Beyond this, the House and Senate appropriations committees propose funding levels for the entire LHHS bill that are billions below FY15 levels. These cuts are not just to ACA programs, but to a variety of public health programs across the board. Calling the caps unnecessary and impossible to appropriately fund federal spending, Obama has threatened to veto every spending bill that does not fund above the level of the spending cap.

In support of Obama, Senate Democrats plan to filibuster every appropriations bill that comes to the floor of the Senate. Democrats want to find a deal which lifts the spending caps, if not eliminate them altogether, and their plan is to obstruct all spending bills to force Republicans to negotiate. Failure to negotiate will lead to a government shutdown that Democrats feel will hurt Republicans entering a Presidential election year.

In better days without a political lightning rod like the ACA or without austerity measures like the spending caps, the story might end there. NIH gets a budget increase, scientists see pay lines improve, Americans live healthier lives thanks to biomedical research. But these aren’t the days we live in. The politics surrounding programs outside of the NIH mean that these bills are unlikely to be signed into law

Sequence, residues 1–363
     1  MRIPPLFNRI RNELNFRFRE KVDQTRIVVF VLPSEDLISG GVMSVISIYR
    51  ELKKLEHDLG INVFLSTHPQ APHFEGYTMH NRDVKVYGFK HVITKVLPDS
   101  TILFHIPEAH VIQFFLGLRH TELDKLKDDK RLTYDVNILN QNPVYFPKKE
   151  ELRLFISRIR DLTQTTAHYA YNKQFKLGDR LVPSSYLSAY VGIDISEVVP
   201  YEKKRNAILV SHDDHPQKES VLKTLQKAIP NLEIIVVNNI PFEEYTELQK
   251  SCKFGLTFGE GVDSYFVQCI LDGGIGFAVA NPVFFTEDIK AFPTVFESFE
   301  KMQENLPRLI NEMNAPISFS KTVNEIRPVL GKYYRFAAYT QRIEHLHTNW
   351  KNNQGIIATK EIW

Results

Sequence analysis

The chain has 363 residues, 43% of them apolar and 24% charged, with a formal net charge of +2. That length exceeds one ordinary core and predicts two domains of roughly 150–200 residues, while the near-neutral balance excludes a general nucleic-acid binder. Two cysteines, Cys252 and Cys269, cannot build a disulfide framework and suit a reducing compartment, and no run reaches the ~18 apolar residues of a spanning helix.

Nevertheless, the intentions behind the NIH increases are genuine. Biomedical research has broad, bipartisan support in Congress. It isn’t an accident that appropriators in both chambers of Congress found the NIH a fitting program to see sizeable increases and end more than a decade of stagnation. The lawmakers behind these proposed increases, Democrats and Republicans alike, should be roundly applauded for their efforts. In many parts of the political sphere, proposals to increase federal investments in anything are looked down upon, but today it seems Congress is willing to make this one important investment. We can all benefit from this change of attitude.

And it’s not just appropriators. Rep. Fred Upton, R-Michigan, and Rep. Dianna DeGette, D-Colorado, have spent the better part of 18 months talking about, meeting on and writing the 21st Century Cures Act. This is a piece of legislation that opens pathways for biomedical innovation and supports investments in research to benefit patients in need. Their bill may not be perfect, but it’s an example of bipartisan statesmanship that favors the NIH.

The intensity of support for the NIH is palpable, and it hasn’t gone unnoticed by advocates on the Hill. We thank policy makers for moving us to the point where we can have discussions not about whether they should increase the NIH’s budget, but rather how to best increase the NIH’s budget. It’s a welcome change.

So while we support and truly appreciate the spirit of these spending bills as it relates to seeing the value and putting a priority on investments in biomedical research, we should underscore to policy makers that budgetary policy need not be a zero-sum game. The spending caps established by Congress are a self-inflicted wound. If Congress would spend time repealing these austerity measures, the desperately needed increases to the NIH and other science budgets could be made a reality.

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  1. Pingback: Floor debate begins on HR 6 – 21st Century Cures | ASBMB Policy Blotter